Drinking alcohol for people under 40
You might have heard about a recent study suggesting that people under 40 are best advised not to drink. No doubt, this has caused concerns for some, along with other mixed feelings including shame and the feeling of being judged. Studies and their findings can be used to guide personal decisions. They can also keep us informed of any health risks and benefits that may emerge from the data.
So, where does Hello Sunday Morning as an organisation stand on this?
Before we answer that question, it is important to drill down to what exactly this study found and concluded. We will dive deeper into three areas: the study findings regarding young drinkers in particular, HSM’s general view and, where to from here. Hopefully you will be able to make your own informed decisions about your own drinking behaviour.
The Global Burden of Disease analysis published in The Lancet suggests that ‘alcohol consumption carries significant health risks and no benefits for young people.’ Young people in this case are people age between 15-39 years old. The study found that over 59% of participants in that age group were drinking at high-risk levels. Furthermore, 77% of them were males. Overall, the concentration of harmful alcohol consumption for this age group reached in excess of the NDE (Near Death Experience).
In terms of geography, the majority of participants who drank excessively were in Australasia, along with Western and Central Europe. Interestingly, the study did find that older adults may benefit from drinking a small amount of alcohol due to their higher chance of developing cardiovascular disease.
This study recommended that more tailored guidelines that are culturally appropriate and targeted specifically at the under 40 age group is a priority. Guidelines should clearly outline safe alcohol consumption levels and evidenced-base interventions.
Let’s take a have a look at our own drinking culture.
Are Australian under 40 drinking alcohol exceedingly?
According to the National Survey 2020-2021 by ABS, ‘almost seven in ten (69.5%) people aged 18 years and over did not exceed the guideline.’ The guidelines used here is according to the NHMRC standard drink recommendations. The survey reports that out of those who consume alcohol exceeding the standard guidelines, 1 in 7 are aged 18-24 years old and 1 in 4 are aged 55-65 years old. See graph from ABS below:
So, are young people drinking less?
We can see from the statistics above that younger Aussies are drinking less. This might be because they are more health conscious as there are more resources available to educate them about health. Some even argue that the social media culture attributes to this decision. There is a sense of awareness around self-image and self-love (eating well and exercising as a part of self-care and mindfulness); the availability of online dating also opens more opportunities for people to socialise online rather than meeting at pubs and bars. Top that off with the rise of the sober curious movement and the growth of zero to low alcoholic drinks that make it easy for people to opt out from drinking.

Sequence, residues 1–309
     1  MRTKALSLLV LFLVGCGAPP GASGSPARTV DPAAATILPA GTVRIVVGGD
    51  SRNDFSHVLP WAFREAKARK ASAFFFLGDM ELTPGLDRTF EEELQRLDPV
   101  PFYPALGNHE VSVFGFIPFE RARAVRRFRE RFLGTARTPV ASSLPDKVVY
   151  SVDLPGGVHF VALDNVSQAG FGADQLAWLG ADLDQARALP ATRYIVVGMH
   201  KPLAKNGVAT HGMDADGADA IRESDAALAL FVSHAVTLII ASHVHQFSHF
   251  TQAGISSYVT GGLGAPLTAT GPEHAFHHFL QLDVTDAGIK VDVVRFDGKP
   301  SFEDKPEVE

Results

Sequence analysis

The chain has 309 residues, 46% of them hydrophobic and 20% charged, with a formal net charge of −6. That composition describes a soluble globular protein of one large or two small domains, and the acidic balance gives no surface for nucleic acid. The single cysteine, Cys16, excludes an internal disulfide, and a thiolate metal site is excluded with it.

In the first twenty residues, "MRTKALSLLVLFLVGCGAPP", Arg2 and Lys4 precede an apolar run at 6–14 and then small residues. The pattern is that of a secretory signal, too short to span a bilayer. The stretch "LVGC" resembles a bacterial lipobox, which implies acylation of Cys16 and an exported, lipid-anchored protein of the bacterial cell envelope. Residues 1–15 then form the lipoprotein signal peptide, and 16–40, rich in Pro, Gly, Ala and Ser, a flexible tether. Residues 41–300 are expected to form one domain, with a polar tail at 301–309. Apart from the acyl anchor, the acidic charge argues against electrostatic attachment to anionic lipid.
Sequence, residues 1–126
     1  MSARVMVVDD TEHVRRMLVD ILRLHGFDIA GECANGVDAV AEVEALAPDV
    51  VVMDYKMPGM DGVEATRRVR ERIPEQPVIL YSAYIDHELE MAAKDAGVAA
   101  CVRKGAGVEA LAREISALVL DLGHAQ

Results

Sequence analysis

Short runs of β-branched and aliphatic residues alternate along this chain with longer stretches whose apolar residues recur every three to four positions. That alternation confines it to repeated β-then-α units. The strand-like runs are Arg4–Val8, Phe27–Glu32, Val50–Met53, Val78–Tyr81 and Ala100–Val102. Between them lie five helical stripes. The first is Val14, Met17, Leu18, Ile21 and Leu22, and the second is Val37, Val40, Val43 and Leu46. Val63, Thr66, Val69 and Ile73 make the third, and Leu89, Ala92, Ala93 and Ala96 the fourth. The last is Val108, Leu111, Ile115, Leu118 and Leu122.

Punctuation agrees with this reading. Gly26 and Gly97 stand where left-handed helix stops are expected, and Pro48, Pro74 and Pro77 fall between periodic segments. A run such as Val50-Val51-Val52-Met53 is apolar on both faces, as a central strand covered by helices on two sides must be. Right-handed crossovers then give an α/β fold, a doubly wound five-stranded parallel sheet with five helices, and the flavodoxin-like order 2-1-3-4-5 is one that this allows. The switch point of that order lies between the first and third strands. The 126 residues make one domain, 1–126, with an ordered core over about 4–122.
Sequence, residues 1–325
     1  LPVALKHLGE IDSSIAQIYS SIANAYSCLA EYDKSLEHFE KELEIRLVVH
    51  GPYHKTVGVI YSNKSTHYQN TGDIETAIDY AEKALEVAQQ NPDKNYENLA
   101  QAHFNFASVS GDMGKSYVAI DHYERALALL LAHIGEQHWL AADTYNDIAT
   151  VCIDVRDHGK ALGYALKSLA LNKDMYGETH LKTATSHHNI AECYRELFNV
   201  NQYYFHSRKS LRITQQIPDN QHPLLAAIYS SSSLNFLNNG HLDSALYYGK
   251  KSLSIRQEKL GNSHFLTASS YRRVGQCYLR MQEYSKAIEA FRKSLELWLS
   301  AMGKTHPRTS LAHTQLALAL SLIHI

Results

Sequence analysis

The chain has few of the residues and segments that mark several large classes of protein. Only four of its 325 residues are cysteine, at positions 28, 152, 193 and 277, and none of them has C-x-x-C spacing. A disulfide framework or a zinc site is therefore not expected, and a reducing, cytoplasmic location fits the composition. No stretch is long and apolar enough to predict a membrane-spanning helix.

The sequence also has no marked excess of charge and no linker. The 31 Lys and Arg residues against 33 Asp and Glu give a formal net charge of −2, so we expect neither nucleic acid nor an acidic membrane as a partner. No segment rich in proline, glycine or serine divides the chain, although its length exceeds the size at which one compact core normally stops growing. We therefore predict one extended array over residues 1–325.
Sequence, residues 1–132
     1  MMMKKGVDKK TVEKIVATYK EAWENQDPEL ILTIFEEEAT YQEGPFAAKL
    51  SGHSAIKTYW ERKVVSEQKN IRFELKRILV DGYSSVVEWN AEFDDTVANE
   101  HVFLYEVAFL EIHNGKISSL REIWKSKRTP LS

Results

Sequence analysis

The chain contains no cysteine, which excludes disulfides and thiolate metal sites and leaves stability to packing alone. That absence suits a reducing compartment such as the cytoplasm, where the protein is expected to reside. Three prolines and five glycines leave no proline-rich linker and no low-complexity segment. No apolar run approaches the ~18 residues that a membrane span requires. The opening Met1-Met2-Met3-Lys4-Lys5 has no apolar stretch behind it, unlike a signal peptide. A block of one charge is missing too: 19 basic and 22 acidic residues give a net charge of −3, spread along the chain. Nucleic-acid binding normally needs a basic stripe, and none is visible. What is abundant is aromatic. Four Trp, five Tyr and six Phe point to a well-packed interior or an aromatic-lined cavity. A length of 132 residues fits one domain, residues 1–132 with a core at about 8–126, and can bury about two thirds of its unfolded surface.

When asked what drives the shift in the change of culture (of young people drinking less), Dr Nicole Lee, CEO of drug and alcohol consultancy 360 Edge, also a board member of Hello Sunday Morning said that in her observations ‘we don’t know for sure what is driving it. But I think there is an element of people having children a bit later, so well after their heavy drinking period. So, the modelling of more sensible drinking is more available. Whereas if you have kids in your early 20s and you are still drinking quite a fair bit. Such as going to backyard BBQs with all your friends and drinking heaps, then your kids will see that as well’ .
Although we don’t know for certain what drives the shift, the issue is not how much younger and older adults consume alcohol according to statistics. The study instead was highlighting the point that more attention needs to be placed on Guidelines. Hence, the Global Burden of Disease suggesting a need for more targeted guidelines with the aim to minimise harm and health loss.
Where does that leave you?
There are certain rules and guidelines to a healthy relationship with alcohol. They are designed to help reduce or minimise harm. Guidelines can be useful, but every individual is different. People are complex beings and the relationship between drinking and upbringing, or life experiences are closely related. Where you live, what kind of social circles you belong to, which generation and what ethnicity you are – all of these have an influence on your relationship with alcohol. Whether drinking excessively, moderating or abstaining; over or under 40, the wise approach is to first ask yourself, ‘am I happy with my relationship with alcohol?’ And if you are not, then the next approach would be to consult with a health professional to better understand your health and options.
To be clear, at Hello Sunday Morning, we support people from all different stages of their journey towards a healthier relationship with alcohol. This means whatever age group you are, whatever gender, locality – metropolitan cities or rural country towns, we are here to provide support when you are ready.
Let’s go back to the beginning, should people under 40 stop drinking alcohol? Perhaps a better way to reframe the question is: ‘Am I in control over my relationship with alcohol?’ It is the question we ought to consider from time to time, no matter which age bracket we belong to.
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